Lao Economy Remains Vibrant: World Bank

Laos’ Gross Domestic Product (GDP) growth is expected to moderate to 6.4 percent due to lower external demand and credit growth that is offset by an increased contribution from the resource sector this year, according to the latest World Bank Report.

In addition, the East Asia Pacific region is expected to grow 6.5 percent in 2015, moderating slightly from 6.8 percent last year, while the rest of developing East Asia is expected to grow 4.6 percent, similar to the rate last year.

The report also mentioned that the rapid growth of the Lao economy is directly supported by robust investment in the power sector but the government should also look at the agriculture sector as most people are employed in this area.

Commenting on the report, World Bank East Asia and Pacific Regional Vice President, Axel van Trotsenburg, said growth in developing East Asia Pacific continues to be solid but the moderating trend suggests policy makers in the region must remain focused on structural reforms that lay the foundation for sustainable, long-term and inclusive growth.

“These reforms include regulatory improvements in finance, labour and product markets, as well as measures that enhance transparency and accountability,” he said, adding that these policies will reassure investors and markets, and help sustain growth that can help lift people out of poverty.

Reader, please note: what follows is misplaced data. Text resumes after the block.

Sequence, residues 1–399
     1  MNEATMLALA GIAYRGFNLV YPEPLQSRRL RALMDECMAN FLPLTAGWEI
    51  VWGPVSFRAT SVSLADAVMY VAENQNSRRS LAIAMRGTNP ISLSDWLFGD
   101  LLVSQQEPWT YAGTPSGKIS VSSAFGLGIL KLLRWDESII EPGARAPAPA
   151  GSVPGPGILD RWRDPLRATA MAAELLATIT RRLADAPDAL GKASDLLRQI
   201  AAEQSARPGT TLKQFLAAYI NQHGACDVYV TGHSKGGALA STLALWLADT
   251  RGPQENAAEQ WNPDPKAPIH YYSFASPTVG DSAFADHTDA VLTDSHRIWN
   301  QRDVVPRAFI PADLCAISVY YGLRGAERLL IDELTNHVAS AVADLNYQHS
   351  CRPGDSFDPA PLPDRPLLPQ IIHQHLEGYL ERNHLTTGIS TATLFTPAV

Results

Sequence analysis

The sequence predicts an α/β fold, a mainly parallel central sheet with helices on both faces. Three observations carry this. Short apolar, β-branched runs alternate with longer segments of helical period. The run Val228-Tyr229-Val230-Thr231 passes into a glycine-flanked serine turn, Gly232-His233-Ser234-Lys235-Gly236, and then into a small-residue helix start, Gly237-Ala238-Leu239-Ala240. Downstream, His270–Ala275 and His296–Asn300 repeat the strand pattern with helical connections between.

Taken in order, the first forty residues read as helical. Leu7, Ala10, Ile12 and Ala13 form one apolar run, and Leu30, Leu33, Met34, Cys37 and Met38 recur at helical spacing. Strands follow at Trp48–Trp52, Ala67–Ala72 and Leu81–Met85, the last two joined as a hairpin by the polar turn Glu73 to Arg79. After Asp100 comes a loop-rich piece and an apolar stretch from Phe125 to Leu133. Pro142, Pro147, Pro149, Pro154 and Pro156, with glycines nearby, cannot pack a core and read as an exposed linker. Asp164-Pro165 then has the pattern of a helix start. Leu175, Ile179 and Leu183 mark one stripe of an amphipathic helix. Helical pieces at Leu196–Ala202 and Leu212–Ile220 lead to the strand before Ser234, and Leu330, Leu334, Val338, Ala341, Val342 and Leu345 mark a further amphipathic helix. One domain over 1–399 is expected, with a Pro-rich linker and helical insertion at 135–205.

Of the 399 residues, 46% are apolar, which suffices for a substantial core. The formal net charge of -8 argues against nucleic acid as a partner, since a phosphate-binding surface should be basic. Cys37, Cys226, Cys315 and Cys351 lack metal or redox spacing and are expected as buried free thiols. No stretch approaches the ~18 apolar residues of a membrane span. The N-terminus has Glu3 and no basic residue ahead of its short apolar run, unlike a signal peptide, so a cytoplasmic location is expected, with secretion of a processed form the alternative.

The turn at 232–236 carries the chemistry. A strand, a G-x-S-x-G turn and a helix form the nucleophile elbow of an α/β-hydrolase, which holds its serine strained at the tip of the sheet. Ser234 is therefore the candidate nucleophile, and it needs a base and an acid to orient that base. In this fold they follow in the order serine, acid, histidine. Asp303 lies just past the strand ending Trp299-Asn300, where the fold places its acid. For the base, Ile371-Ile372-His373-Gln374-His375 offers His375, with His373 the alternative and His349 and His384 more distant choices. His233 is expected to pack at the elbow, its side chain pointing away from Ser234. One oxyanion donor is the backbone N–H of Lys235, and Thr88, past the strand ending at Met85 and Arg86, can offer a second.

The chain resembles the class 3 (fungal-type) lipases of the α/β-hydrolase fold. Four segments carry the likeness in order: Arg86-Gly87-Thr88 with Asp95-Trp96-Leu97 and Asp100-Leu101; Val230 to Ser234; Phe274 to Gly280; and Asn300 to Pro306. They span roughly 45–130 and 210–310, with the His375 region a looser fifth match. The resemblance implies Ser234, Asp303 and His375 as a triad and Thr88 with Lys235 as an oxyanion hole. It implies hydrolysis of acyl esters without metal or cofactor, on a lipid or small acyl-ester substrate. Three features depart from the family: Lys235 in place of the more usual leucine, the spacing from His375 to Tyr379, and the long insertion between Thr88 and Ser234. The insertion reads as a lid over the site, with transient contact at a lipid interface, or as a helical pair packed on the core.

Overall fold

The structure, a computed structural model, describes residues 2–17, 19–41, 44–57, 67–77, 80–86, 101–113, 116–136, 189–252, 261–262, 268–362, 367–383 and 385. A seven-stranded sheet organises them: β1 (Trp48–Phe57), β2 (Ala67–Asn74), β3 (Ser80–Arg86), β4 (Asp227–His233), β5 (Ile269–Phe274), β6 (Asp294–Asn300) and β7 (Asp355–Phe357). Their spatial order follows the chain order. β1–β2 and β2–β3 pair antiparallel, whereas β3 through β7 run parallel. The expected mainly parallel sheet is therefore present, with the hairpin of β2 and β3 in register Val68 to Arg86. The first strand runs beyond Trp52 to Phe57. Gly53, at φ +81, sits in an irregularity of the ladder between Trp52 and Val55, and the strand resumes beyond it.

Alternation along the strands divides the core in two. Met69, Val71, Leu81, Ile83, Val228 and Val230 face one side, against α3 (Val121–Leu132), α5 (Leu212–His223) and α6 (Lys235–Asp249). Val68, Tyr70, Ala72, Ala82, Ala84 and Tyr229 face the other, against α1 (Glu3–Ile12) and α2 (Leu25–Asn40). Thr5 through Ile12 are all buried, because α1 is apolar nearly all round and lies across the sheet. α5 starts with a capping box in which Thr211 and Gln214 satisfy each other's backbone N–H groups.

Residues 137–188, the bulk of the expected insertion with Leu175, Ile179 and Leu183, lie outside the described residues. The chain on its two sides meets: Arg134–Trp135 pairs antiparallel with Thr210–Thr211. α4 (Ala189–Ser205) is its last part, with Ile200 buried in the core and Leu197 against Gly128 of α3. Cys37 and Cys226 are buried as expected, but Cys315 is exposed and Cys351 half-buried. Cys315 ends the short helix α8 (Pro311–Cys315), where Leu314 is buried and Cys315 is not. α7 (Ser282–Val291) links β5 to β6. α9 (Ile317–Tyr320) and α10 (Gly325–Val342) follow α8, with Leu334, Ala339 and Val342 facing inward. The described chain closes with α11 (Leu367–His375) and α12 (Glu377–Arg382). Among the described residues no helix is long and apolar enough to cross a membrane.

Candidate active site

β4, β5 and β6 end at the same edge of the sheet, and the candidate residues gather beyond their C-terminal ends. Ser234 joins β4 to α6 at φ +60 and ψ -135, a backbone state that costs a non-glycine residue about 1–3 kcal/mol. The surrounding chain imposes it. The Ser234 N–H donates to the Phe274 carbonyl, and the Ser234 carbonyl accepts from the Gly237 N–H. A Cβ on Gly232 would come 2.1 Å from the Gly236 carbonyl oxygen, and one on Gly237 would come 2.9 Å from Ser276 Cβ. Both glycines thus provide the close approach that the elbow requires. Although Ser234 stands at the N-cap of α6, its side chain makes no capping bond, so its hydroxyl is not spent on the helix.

The World Bank also said that growth in the region is slower than anticipated due to the prevailing challenges, especially global economic tensions.

By 2016, the global economies will gradually recovery; meanwhile the Asean economy will also face several challenges in sourcing revenue.

Ideally located close to China, the CLM countries of Cambodia, Laos and Myanmar will significantly be an important investment and tourism destination for China.

The report assumes a gradual slowdown in the Chinese economy in 2016-17. This scenario is likely because China has sufficient policy buffers and tools to address the risks of a more pronounced slowdown, including relatively low public debt levels, regulations restricting savings outside of the banking system, and the state’s dominant role in the financial system.

The World Bank also advised that Laos will need to look at the agriculture sector as an important priority to ensure it properly generates revenues and incomes to most of the people employed in this field.

However, product diversification and improved education are areas the Lao government must actively improve in a bid to meet the demand for products and jobs when the Asean Economic Community comes into being at the end of this year.

Source: Vientiane Times

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